Up The Honey Intake
Did you know that consuming wild, raw, local honey may offer a gradual desensitization to your seasonal allergies? Bees pick up the pollen from their environment, the same environment contributing to your seasonal allergies. Eating local honey slowly builds up your tolerance to the specific allergens contained in allergy shots. It is important to consume raw, local honey because raw honey has not been treated, pasteurized, or processed in any way. When consuming raw honey, you reap the benefits of local pollen collected by the honeybees.
Wear a Wide Brimmed Hat and Sunglasses
This is perhaps the easiest preventative step. Wearing a wide brimmed hat and sunglasses is a simple way of keeping pollen from settling on your face or blowing into your eyes and making them a red, itchy, watery mess.
Change Up Your Hygiene Routine
It is important to understand that allergens collect on hair, clothing, shoes, etc. Not only is there a threat of these allergens going airborne, there is also a threat of them entering your eyes when you inadvertently rub them. Follow these simple steps to reduce contamination of allergens.
- Change out of clothes and shower after spending time outside.
- Wash face and hands frequently
- Use saline nasal spray to rinse your nose after spending time outside.
- Use saline eye drops to rinse eyes.
Lay off the Beef
Choose chicken, fish, or plant based alternatives. A two-year study of 334 adults with hay fever and 1,336 without found those who had the most trans oleic acid in their diets, a form of monounsaturated fat found primarily in meat and dairy products, were nearly three times as likely to have hay fever as those who ate the least.
Prep Your Home Environment
A simple way to prevent seasonal allergies is to prepare your indoor environment. Here are some simple tips to follow:
- Before entering the house, remove shoes to avoid tracking outside pollutants onto carpets or rugs.
- Add a HEPA filter to your air conditioning system and change regularly.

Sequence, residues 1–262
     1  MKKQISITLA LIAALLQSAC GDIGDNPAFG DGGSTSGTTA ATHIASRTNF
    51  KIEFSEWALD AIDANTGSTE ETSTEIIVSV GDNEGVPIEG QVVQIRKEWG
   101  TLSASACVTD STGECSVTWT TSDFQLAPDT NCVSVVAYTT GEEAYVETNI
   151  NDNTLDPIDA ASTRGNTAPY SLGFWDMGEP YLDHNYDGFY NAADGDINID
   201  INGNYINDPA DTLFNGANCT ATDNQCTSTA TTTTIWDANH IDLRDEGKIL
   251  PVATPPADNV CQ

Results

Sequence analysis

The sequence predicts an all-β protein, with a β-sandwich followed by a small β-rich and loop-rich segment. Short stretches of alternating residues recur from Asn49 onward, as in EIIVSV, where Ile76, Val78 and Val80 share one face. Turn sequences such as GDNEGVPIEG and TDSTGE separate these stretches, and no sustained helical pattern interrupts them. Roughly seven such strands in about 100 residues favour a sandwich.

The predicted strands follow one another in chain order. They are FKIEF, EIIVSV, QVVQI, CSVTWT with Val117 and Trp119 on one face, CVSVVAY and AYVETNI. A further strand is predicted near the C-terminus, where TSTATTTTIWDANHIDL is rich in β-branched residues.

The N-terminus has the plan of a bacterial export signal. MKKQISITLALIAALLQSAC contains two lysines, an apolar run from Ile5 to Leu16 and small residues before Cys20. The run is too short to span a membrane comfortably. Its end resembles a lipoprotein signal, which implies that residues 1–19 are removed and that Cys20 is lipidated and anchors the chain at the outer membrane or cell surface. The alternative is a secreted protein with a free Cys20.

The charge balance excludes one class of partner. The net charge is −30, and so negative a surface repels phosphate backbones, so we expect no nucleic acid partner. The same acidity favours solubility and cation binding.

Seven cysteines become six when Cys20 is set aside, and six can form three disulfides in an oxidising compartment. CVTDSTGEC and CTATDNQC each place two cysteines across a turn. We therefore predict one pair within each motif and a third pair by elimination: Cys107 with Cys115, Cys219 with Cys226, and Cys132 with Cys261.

- Avoid opening windows during seasonal threat
- Vacuum regularly, using a HEPA filter to help reduce animal hair and dander shed, along with dust mites and pollens.
- Limit the amount of allergen collectors such as decorative throw pillows and unnecessary layers of window dressings.
Using essential oils for allergies works aromatherapy by applying the oils to your body where they enter your bloodstream transdermally. Remember, you must always dilute the essential oils before using them on your skin, or use one of The Herbal Toad's already diluted roll-ons. Dilution rates vary for different oils, so be sure to check our label or listing for the oil that you are using.
Try Aller-G Tincture
Our Aller-G Tincture is one of natures most effective combinations for allergy sufferers, and here's why:
Mullien: This soothing, healing, antispasmodic respiratory remedy profoundly supports the lungs, especially when there is irritation, inflammation, or infection. It makes a great supportive herb in tea, tincture, and capsule blends.
Goldenseal: Can reduce allergic rhinitis (hay fever) by reducing inflammation of the mucous membranes and prevent severe allergic reactions by calming the nervous system.
Stinging Nettle: Stinging Nettle has been used for years, dating back as far as ancient Greece. Stinging nettle has been shown to have excellent anti-inflammatory abilities. Studies have shown that the bioactive components of stinging nettle can actually inhibit multiple inflammatory events. This is important because it is those inflammatory events that actually cause seasonal allergy symptoms.
Goldenrod: Often wrongly accused of ragweed reactions, goldenrod blooms in the same places yet possesses anti-inflammatory, antioxidant, and antihistamine properties. It helps to thin and remove excess mucus and congestion, particularly in the sinuses.
Angelica: Angelica decreases the amount of antibodies your body produces when faced with allergens. This action helps to educate the body that it need not overreact in the presence of allergens.
Coltsfoot: Coltsfoot (aka Butterbur) been shown to significantly improve unpleasant allergy symptoms. One study in the British Medical Journal of 125 people with hay fever found that the butterbur worked just as well as cetirizine, which is marketed as Zytrec. The researchers also concluded that butterbur is a smart choice for anyone looking to improve their allergy symptoms while avoiding the sedative effects of antihistamines. Even though cetirizine is considered a non-sedating allergy medicine, this study found that subjects who took it experienced fatigue and drowsiness.
If you have ever talked to me about pain issues, there is no doubt that you know how I feel about Turmeric, but did you know that turmeric also has an amazing effect on seasonal allergies?
Itchy, watery eyes, sneezing, runny nose, and other seasonal allergy symptoms can be so miserable that it can hinder your ability to appreciate the beauty of spring. If you are experiencing these symptoms, it is your bodies immune and inflammatory response to all that pollen. Your body releases histamines to get rid of the allergen, which increases mucous production, which results in a stuffy or runny nose, sinus infections, watery + itchy eyes, and more.
Turmeric can help. Turmerics active ingredient is curcumin, which blocks mast cells from releasing histamine. It has the ability to remove excess mucous and reduce inflammation in the sinuses and respiratory tract. Turmeric can benefit sufferers of hay fever, asthma, bronchitis, and allergies.